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January 6, 1989

Consumer Safety Regulation: Putting a Price on Life and Limb

JAMA. 1989;261(1):122-123. doi:10.1001/jama.1989.03420010134051

This article is only available in the PDF format. Download the PDF to view the article, as well as its associated figures and tables.


Having grown up with Ralph Nader as the predominant and, at times, the only consumer advocate for safety regulations, I find that this text provides a refreshingly different perspective. It is written by an economist who repeatedly challenges the rationale of the consumer advocates on one side and the government policymakers on the other who fail to incorporate sound economics. A vast portion of this book is spent convincing the reader how frequently economic fundamentals get buried in the emotional battles over many consumer-safety issues.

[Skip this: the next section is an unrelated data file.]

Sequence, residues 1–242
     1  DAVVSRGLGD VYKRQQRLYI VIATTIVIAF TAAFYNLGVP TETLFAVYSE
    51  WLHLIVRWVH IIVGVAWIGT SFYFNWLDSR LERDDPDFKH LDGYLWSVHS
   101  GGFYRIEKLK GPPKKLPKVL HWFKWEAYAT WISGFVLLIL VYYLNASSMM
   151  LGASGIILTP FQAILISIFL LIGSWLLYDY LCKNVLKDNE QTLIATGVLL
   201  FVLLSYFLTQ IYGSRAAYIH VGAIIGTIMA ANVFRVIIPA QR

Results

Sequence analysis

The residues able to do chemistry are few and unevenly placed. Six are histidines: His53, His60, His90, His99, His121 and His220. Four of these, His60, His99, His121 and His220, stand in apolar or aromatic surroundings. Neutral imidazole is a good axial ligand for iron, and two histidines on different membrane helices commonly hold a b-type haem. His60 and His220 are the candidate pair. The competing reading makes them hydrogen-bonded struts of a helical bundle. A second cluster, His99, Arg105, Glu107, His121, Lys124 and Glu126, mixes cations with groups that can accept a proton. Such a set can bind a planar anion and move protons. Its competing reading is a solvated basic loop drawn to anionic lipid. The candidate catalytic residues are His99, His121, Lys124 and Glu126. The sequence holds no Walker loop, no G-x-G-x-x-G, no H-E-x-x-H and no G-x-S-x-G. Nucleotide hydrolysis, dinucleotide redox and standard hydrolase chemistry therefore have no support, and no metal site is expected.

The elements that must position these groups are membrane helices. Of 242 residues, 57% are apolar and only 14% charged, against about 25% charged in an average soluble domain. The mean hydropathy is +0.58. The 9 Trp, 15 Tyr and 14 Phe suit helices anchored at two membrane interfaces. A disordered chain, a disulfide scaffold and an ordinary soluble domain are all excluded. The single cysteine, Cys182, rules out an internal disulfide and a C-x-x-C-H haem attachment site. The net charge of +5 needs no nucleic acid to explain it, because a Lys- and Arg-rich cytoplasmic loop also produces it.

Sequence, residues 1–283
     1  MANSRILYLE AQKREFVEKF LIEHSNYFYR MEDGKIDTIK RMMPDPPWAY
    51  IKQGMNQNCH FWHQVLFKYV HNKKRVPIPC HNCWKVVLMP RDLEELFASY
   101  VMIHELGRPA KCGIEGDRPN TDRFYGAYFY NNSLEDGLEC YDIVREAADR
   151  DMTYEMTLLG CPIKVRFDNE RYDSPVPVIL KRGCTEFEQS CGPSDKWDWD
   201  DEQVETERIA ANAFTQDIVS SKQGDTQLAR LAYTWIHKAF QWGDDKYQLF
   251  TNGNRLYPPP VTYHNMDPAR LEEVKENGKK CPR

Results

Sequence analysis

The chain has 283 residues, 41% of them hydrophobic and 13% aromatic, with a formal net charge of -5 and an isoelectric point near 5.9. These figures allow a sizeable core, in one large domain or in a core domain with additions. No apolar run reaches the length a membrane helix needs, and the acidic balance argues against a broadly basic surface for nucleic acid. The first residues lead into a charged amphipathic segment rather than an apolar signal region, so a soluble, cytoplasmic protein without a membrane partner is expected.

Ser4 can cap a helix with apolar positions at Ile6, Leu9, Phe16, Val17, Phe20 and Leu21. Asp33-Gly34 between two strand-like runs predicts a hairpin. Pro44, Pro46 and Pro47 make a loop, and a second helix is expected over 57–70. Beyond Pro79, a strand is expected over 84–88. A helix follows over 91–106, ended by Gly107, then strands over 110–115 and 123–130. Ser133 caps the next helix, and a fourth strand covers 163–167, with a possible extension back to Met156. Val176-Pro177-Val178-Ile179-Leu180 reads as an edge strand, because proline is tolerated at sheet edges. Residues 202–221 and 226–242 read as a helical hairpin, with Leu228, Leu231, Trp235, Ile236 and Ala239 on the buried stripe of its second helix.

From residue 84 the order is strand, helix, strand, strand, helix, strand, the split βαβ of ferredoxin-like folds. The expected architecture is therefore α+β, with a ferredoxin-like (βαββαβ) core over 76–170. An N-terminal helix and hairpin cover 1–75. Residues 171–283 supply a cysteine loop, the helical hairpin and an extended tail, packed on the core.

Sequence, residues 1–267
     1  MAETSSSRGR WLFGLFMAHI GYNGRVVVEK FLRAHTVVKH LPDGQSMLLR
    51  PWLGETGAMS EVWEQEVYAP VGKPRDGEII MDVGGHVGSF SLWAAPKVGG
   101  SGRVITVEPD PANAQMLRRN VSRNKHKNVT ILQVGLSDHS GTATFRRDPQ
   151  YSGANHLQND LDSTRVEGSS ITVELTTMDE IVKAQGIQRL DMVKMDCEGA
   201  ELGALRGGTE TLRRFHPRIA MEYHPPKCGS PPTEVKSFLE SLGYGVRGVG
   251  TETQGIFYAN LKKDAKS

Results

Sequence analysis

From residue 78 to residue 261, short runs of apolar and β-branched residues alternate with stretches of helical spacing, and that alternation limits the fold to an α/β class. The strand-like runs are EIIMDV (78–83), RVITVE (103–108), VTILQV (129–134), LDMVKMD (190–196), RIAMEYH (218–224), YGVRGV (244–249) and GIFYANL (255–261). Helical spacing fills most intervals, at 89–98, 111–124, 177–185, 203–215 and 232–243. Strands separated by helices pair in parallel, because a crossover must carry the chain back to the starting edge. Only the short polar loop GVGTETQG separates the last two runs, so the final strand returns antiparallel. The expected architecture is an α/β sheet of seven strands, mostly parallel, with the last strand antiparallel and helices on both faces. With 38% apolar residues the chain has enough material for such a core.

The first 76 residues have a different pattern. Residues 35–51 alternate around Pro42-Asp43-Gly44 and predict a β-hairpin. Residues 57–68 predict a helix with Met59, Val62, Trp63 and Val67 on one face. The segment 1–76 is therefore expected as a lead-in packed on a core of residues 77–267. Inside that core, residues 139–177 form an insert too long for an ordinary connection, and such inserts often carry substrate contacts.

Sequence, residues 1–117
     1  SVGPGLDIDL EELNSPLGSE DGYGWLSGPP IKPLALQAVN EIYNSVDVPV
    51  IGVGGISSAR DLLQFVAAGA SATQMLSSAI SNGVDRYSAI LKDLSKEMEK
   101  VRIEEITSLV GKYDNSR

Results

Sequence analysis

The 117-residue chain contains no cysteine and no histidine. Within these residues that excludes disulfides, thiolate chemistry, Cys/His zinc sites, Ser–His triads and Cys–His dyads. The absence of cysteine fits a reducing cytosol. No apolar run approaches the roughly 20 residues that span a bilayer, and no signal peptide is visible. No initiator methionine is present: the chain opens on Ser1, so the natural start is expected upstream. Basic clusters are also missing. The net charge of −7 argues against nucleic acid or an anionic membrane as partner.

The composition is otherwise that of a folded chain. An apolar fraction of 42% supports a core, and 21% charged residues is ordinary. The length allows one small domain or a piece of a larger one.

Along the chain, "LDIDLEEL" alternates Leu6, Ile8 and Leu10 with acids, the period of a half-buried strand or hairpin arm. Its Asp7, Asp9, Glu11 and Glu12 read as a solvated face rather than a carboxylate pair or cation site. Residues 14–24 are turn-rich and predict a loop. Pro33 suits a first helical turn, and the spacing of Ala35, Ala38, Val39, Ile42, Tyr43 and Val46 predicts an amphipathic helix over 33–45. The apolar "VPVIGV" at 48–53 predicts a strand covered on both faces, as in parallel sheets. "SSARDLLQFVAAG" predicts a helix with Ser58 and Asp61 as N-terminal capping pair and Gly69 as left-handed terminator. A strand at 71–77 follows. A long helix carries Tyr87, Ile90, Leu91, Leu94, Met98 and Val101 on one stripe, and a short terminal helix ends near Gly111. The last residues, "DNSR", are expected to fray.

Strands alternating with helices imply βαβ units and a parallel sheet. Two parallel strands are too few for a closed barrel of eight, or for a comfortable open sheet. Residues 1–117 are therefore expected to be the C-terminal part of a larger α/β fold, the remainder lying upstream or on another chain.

The book is divided into three parts and eight chapters. The highlight of Part I is an overview of consumer-safety policies in the United States with emphasis on the evolution and impact of the Food, Drug and Safety Act and the Hazardous Substance Labeling Act.

Part II develops the traditional and nontraditional economic arguments for public protection. A chapter is dedicated to how consumer misperception